Veterinary Neurology of the Chesapeake | Jay McDonnell, DVM, MS, Diplomate ACVIM | Annapolis & Towson, MD
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Great Danes and Cervical Spondylomyelopathy: An Article in Review


By Megan C. Davis, DVM

 

The Article: Magnetic resonance imaging features of Great Danes with and without clinical signs of cervical spondylomyelopathy Paula Martin-Vaquero, DMV, PhD, and Ronaldo C. da Costa, DMV, PhDJAVMA, Vol 245, No 4, August 15, 2014

 

Given the highly sensitive nature of MRI in evaluating the spinal cord and vertebral canal stenosis, potential for over-interpretation of the study can occur. For this reason, it is important to understand the frequency and variation of “normal” that can be seen on a clinically asymptomatic patient.  Few veterinary studies have been conducted on MRI findings of clinically normal dogs.

 

Great Danes often have osseous-associated cervical spondylomyelopathy (CSM), which is different than the disc-associated CSM. This prospective cohort study of cervical spine MRI of 15 clinically normal and 15 CSM affected Great Danes was conducted to help characterize the morphological features between these groups.

 

Thirty client-owned Great Danes were enrolled in this study at The Ohio State University between April 4, 2011 and October 4, 2012. Criteria for the 15 normal dogs included age of less than a year old, no history of neurologic disease, and a normal physical and neurological exam. Exam findings, age of onset of clinical signs, and any medication given were recorded for the 15 dogs enrolled with exam findings consistent with CSM. MRI (3.0T) of the cervical spine (C2-T2) was performed on all of the dogs. Images were evaluated by one unblinded evaluator. Each dog was evaluated for compression of the subarachonoid space, spinal cord, or both. Spinal cord compression was graded based on percentage reduction of cord diameter; and the cause of the compression was classified as intervertebral disc associated, osseous associated, or soft tissue hypertrophy.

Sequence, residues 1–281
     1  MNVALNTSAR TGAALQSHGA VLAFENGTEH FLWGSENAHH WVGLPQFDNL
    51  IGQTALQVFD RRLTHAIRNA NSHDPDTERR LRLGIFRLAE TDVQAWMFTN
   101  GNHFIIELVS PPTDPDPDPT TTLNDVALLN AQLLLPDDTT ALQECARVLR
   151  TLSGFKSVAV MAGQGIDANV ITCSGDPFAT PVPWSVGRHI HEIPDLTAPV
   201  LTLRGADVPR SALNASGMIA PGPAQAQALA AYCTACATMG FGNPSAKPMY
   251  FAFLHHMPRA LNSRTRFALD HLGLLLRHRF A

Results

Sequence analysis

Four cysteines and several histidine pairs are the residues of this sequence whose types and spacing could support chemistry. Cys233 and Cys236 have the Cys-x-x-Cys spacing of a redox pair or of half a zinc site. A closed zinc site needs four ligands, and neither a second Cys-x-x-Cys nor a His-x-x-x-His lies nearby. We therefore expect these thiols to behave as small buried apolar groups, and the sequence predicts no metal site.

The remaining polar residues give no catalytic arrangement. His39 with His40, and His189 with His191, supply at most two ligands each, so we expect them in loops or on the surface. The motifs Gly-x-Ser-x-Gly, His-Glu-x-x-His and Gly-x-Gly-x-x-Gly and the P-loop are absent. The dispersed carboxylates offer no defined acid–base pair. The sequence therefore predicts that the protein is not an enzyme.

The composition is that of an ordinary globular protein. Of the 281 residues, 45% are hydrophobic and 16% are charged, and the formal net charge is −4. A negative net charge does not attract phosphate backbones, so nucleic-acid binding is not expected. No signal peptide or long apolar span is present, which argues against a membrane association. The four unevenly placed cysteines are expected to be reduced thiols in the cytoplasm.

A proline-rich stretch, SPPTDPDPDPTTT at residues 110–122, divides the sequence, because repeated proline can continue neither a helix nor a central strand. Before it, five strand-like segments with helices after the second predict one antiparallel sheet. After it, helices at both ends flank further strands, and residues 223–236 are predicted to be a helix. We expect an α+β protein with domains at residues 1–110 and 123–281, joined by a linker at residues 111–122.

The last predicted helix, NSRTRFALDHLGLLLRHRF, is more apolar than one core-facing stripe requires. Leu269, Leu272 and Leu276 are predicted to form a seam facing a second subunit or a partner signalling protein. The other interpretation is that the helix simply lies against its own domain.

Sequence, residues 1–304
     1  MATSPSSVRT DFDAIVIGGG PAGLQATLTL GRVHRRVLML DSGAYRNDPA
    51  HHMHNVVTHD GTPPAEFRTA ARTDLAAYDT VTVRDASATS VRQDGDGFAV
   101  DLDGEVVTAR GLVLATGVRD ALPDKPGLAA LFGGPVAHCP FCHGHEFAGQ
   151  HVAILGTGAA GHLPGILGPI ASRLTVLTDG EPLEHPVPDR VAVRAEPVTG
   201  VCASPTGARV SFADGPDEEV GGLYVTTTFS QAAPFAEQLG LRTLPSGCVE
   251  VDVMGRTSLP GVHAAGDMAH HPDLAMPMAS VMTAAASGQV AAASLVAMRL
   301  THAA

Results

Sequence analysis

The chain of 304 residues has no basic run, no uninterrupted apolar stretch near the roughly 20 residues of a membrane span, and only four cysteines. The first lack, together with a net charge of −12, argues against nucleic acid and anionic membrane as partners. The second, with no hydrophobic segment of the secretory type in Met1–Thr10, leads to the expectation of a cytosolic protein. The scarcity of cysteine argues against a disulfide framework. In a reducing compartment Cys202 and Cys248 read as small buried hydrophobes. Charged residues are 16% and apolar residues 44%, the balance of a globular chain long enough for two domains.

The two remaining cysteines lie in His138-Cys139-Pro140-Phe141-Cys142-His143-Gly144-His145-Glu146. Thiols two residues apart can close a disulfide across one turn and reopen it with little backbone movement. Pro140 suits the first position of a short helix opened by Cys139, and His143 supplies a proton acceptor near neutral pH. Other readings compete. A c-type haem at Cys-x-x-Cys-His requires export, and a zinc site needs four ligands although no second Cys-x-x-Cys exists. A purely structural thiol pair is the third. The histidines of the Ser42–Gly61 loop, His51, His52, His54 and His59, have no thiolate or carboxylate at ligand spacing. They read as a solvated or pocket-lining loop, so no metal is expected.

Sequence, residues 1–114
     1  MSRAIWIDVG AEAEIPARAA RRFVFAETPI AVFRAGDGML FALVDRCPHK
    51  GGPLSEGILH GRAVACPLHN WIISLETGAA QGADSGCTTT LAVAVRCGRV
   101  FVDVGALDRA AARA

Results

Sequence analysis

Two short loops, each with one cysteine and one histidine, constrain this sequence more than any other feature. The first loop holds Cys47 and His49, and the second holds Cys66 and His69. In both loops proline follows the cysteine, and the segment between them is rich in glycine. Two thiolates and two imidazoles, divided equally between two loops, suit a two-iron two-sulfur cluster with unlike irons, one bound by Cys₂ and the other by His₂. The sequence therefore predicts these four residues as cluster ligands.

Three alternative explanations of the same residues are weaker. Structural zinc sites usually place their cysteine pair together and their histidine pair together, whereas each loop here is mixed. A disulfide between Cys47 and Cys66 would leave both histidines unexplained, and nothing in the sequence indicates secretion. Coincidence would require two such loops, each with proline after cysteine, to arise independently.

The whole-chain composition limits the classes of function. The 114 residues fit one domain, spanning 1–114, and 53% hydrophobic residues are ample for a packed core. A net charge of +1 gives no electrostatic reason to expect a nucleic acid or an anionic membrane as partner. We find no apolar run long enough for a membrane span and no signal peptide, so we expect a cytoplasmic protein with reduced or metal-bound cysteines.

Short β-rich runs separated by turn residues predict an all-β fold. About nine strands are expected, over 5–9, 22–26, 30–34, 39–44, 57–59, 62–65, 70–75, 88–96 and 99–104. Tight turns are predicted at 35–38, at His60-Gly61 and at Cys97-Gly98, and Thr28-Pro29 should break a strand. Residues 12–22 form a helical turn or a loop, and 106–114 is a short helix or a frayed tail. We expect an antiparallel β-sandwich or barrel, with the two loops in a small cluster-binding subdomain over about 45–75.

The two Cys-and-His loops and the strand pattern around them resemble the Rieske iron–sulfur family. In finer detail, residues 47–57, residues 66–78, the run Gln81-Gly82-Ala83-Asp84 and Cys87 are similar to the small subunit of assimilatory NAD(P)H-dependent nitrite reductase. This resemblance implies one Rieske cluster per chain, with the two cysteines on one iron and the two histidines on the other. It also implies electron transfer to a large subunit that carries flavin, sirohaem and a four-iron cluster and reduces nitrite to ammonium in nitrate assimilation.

For the 30 Great Danes evaluated, there was a total of 210 intervertebral spaces and 420 foraminal sites reviewed.

  • For clinically normal dogs, there were 11 sites of compression: 9 subarachnoid space compression and 2 sites of spinal cord compression.
  • In the CSM-affected group, 61 compressive sites were recorded: 17 sites of subarachnoid space compression and 44 sites of spinal cord compression.
  • Direction of compression for most of the compressive sites in both groups was lateral and all of these were secondary to osseous proliferation.
  • No signal changes were noted within the spinal cord for the clinically normal group, whereas there were 14 sites of cord hyperintensity in 9 of the CSM-affected dogs.
  • CSM-affected dogs had significantly greater sclerosis and degree of proliferative changes of articular process joints than the normal dogs.
  • Foraminal stenosis was present in both groups but was significantly greater in the CSM affected group.
  • Additionally, this stenosis was considered severe in 72/152 sites of the CSM affected group vs 8/56 sites for the normal group.
  • Partial intervertebral disc degeneration was found in both groups, but the number of sites of degeneration was significantly greater in the CSM affected group.

 

Findings reported for the Great Danes affected with CSM were similar to previously reported MRI findings (osseous changes of articular process joints, lamina, or pedicles, and compression of subarachnoid space or spinal cord).

 

One clinically normal dog where spinal cord compression was found can be analogous to asymptomatic cord compression in humans, which is not uncommon. In people where this is found, degeneration and development of symptoms can develop over time. Therefore, it is likely that this dog will develop CSM signs as it ages.  Further longitudinal studies would need to be done to confirm this theory.

 

This study demonstrates that cervical vertebral column abnormalities can be present in even clinically normal Great Danes and demonstrates the importance of coupling MRI findings with a thorough neurologic exam before implementing treatment.

 

Board Certified Veterinary Neurologist Dr. Jay McDonnell | Annapolis & Towson, MD